Ilankai Tamil Sangam

23rd Year on the Web

Association of Tamils of Sri Lanka in the USA

Passing of Mr.A.Y.S.Gnanam

Businessman & Owner of Virakesari

When thugs robbed Gnanam house during the 1983 trouble, they chased him out of his house. As he was just with a sarong and vest (his norm), the thugs sympathized and offered him a trouser and a shirt. Gnanam told them - "Not to worry. I came like this from India and used to go from house to house buying old newspapers in this same attire. I am prepared to go with the same dress to the refugee camp."

A Y S Gnanam Mr. A.Y.S. Gnanam, 84, the head of Express Newspapers, Tokyo Cement, etc. died in Singapore on Tuesday after a brief illness and his funeral is today, Saturday, in Colombo.

Mr. Gnanam started his business career selling scrap iron and built the multi-billion rupee St. Anthony's Industries Group (Pvt.) Ltd.

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Comments on Mr. Gnanam by Rohan Fernando in The Sunday Observer, April 28, 2002:

The A.Y.S. Gnanam I knew

The well-known industrialist A.Y.S. Gnanam is considered to be the oldest living chief executive cum business tycoon in this country today.

He started life under a spell of severe hardships, having lost his father, thus his means of living and shelter, at a very tender age.

Young Gnanam had no alternative but to give up schooling and to look for a source of income, in order to keep the family fires burning. He started collecting scrap iron for resale on a small scale. With sheer determination with a tremendous amount of handwork and with an untiring effort, he made his tiny business grow into a massive empire within a relatively a short period.

The empire he built has provided employment to several thousands of people of this country for several decades.

He pioneered the manufacture of a large number of industrial and other consumer products locally, from whom several other manufacturers have taken the cue.

Mr. Gnanam is a living legend for true "Entrepreneurship", who provides several very valuable object lessons for up and coming small industrialists and young entrepreneurs. This article marks the 80th birthday of Mr. Gnanam, which falls on May 5, 2002, by a former employee of St. Anthony's Industries Group, which was one of Mr. Gnanam's pet projects.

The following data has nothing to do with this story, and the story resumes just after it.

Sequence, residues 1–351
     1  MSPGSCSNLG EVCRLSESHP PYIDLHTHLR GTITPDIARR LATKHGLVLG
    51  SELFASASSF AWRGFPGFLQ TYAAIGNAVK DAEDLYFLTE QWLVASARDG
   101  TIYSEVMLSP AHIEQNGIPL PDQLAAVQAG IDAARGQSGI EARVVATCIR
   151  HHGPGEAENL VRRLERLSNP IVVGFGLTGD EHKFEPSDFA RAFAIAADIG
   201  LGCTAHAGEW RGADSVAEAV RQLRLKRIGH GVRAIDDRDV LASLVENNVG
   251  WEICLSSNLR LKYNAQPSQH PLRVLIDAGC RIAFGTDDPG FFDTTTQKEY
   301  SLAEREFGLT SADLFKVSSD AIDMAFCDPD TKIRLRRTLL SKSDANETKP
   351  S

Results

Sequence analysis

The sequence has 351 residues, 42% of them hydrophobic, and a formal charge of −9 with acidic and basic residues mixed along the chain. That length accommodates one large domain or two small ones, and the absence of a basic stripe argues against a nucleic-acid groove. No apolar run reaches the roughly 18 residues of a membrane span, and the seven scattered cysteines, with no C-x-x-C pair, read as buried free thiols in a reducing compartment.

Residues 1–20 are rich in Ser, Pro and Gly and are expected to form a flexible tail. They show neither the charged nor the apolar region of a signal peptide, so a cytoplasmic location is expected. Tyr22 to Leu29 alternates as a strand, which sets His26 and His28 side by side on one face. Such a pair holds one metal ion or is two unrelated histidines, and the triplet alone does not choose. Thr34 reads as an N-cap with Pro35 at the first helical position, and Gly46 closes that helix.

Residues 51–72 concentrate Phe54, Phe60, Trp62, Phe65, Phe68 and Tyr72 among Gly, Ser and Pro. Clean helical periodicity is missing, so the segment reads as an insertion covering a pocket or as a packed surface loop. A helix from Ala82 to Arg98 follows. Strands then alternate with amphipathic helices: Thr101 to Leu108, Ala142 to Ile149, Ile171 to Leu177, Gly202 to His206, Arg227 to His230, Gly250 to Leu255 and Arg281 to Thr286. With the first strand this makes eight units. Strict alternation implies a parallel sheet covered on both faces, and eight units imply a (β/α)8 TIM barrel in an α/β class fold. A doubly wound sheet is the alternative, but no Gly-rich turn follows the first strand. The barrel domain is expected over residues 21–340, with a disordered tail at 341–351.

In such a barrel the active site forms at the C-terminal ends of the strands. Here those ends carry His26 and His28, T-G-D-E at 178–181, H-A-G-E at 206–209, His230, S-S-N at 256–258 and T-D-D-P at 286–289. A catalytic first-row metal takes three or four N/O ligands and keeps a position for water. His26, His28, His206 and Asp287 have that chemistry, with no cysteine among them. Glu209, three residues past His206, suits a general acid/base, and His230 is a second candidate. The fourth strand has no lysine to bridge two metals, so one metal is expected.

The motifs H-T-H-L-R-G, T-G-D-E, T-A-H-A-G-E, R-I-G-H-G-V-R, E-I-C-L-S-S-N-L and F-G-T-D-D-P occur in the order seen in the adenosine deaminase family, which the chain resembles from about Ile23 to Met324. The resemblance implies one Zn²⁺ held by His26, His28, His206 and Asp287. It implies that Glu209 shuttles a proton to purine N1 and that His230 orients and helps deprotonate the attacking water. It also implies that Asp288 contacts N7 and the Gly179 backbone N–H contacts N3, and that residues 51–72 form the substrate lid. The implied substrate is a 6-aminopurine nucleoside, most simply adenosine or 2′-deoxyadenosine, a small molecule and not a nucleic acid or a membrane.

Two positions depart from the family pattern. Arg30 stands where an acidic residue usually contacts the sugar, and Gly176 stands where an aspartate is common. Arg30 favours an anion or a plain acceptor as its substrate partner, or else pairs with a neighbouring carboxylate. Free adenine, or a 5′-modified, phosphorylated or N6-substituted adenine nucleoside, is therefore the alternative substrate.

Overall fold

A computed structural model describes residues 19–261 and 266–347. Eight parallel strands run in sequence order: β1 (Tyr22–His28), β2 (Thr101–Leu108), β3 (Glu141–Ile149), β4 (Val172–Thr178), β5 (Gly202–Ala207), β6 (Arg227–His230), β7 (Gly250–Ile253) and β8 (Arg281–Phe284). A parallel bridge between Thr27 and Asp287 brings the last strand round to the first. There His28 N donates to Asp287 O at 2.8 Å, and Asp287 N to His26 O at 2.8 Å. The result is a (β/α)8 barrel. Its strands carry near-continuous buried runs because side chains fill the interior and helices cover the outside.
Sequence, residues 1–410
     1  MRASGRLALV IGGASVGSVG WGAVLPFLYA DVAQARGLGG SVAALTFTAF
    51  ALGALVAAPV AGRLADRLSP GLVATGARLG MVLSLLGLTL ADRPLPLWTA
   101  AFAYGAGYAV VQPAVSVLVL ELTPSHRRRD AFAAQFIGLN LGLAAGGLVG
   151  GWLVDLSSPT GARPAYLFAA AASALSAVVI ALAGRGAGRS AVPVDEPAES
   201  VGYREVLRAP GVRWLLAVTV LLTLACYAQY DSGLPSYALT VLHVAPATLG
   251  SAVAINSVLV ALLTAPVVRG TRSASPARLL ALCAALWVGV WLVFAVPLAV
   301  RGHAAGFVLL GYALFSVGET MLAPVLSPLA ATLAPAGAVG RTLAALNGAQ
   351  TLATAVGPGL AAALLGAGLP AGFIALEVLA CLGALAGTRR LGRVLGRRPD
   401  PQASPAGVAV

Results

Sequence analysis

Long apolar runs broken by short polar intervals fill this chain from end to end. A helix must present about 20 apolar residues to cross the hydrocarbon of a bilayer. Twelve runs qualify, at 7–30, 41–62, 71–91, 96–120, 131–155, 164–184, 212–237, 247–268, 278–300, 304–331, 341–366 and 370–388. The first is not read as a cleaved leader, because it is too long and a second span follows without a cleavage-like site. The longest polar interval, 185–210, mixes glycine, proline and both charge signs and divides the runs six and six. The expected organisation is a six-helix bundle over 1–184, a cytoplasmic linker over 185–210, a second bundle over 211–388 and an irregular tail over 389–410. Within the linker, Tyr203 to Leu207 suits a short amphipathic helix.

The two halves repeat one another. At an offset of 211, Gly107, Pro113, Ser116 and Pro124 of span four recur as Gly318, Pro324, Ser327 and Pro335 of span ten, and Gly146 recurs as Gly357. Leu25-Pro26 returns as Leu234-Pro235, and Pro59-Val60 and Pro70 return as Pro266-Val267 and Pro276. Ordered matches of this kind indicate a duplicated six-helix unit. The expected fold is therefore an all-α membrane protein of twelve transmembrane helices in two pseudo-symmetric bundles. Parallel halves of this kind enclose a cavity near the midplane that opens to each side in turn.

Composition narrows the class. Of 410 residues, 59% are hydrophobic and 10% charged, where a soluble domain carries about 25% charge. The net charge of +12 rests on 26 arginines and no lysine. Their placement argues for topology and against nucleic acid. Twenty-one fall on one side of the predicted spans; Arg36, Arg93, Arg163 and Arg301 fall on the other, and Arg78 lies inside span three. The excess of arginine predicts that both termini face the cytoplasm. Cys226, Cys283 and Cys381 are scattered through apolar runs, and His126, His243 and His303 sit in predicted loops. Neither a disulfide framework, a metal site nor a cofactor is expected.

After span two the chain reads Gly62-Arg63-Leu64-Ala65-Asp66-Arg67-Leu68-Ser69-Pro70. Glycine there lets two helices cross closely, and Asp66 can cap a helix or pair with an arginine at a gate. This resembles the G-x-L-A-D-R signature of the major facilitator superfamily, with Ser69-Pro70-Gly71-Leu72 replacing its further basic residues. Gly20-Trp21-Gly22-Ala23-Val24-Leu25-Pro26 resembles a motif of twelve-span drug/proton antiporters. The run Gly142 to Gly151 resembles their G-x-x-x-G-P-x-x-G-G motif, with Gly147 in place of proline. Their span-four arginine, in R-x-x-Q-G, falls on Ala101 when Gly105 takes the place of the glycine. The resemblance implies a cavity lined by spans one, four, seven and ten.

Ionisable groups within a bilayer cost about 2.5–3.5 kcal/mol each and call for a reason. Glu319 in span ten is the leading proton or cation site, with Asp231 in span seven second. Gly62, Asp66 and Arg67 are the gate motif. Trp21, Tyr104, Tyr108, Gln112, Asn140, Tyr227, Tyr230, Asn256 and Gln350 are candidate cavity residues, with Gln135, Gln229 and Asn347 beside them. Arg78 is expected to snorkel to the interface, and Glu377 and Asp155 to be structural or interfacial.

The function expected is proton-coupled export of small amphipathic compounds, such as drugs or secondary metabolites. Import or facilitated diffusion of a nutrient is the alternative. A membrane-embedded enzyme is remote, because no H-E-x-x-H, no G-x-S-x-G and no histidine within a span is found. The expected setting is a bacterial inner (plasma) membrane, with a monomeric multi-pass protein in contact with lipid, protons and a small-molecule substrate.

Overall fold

Mr. A.Y.S. GnanamI vividly remember the first encounter with Mr. Gnanam on a Monday evening in December 1976. It was the final interview for the post of Group Finance Manager at St. Anthony's Group. Having gone into all the possible personal information about myself in detail in a very friendly atmosphere, he got on to describe the job.

The five years I spent at St. Anthony's were the most exciting period of my life, where I learnt not only the intricacies of financial management, but also the challenges of entrepreneurship of the highest order.

Soon I realised that my survival at the new job will depend solely on whether I deliver the goods or not. Mr. Gnanam is a man of deeds and not of words, for whom no excuse, whether looking good or otherwise, is acceptable.

He is not bothered about the amount of effort you put in to a job, but about the results it brings in. You cannot fudge anything to him, since he knows his job from A to Z in detail. He has a good knowledge of every field connected with industry and business.

Neither an employee nor any other person could easily take him for a ride. He has a clear vision of anything he is involved in and also a well defined goal. He knows the way to achieve it too. For him, it is only a matter of organising his team to work towards the goal. He wants everyone to think positively, no matter how difficult the task is. Anyone could criticise the plan within such a framework. He is prepared to listen and amend the plan. However, once a decision is reached, everyone alike should ensure that it is implemented to achieve the desired result.